The Specialty Center offers over 15 specialties, ranging from endocrinology and weight management to infectious diseases, gastroenterology, neurology and genetics, which gives patients and families in need of diverse care the advantage of being able to spend extended time in a single location. This provided the opportunity for SBA to look at the typical visit comprehensively and allow young patients and their families to create a personal narrative within the environment, revolving design decisions around both the staff and patient experience. A variety of hard surfaces, soft objects, organic shapes, interactive elements and furniture fabrics add richness to the palette, transforming what had once been a tedious and overwhelming experience into something relaxing and enjoyable.

Patients’ expectations of a clinical space immediately change upon entering the Specialty Center, where they are enveloped by color and pattern. The experience begins at the waiting room and reception area, which has been designated the Playtrium. The high-tech area features dedicated play spaces as well as colorful furnishings and mindfully integrated, hands-on activities. Messages of health and wellness are intertwined with entertaining activities and stimulating displays, most notably an interactive digital fish pond positioned on the floor, where projected koi fish react in real-time, darting away before they get stepped on.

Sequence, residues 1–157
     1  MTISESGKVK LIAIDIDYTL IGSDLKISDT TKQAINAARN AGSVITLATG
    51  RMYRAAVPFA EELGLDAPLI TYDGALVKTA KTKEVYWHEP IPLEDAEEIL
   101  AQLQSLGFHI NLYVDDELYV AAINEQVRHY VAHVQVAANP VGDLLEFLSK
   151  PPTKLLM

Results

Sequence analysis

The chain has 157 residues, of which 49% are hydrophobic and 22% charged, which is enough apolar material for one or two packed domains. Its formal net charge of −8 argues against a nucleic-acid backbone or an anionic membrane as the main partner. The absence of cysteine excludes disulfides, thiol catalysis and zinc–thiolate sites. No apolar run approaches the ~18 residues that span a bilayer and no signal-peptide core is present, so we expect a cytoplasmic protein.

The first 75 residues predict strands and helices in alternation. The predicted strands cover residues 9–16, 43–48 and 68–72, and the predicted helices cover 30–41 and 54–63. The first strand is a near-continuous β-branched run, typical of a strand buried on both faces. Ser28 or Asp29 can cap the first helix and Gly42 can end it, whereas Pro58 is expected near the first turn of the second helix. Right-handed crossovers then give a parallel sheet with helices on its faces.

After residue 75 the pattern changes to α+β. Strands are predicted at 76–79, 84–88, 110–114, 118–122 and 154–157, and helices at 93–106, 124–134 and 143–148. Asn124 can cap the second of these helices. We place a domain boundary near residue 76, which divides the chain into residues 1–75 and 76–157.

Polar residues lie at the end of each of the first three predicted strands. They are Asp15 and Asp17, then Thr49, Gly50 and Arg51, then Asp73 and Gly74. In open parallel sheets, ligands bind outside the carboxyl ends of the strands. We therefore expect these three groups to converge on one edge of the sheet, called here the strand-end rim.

The central design element in the Playtrium is the PlayTree, a fanciful abstract tree whose LED color-changing trunk extends to the ceiling with leaves that hover above patients, encompassing the space. Milliken’s Fixate Loop carpet tiles were cut into large organic patterns on the floor to mimic the shape of the canopy of the tree above while creating a meandering path that leads to the reception desk. Keeping with the forest floor theme, Interface’s Urban Retreat carpet tiles in the Grass style were chosen to provide a change of color and texture. The patterns in the flooring transition to Noraplan Environcare rubber tiles to provide an area of increased durability in front of the desk while continuing the overall curvilinear shapes and colors. 

From the Playtrium, patients are escorted down the Path to Wellness, which extends through the building from end to end and leads to the Medical Neighborhoods. Overhead, a sculptural color-changing cloud winds its way down the Path and extends the excitement of the Playtrium, using the same LED technology found in the Playtree. Originally conceived as a stream where patients would literally “flow” from the waiting room to the exam room, the floor pattern retains some of that theme and is reminiscent of a faded watercolor painting. Intersecting and overlapping patterns of Milliken’s Color Wash carpet tiles in Matter-Arbitrary in 17 different colors encourage movement to one of the Neighborhood entrances marked by a brightly painted curved wall. While the Wellness Path could have been specified with hard resilient flooring, continuing carpet throughout the public space was important to reduce noise, soften the clinical feel and unite the spatial experience of moving from the waiting room to the Neighborhoods.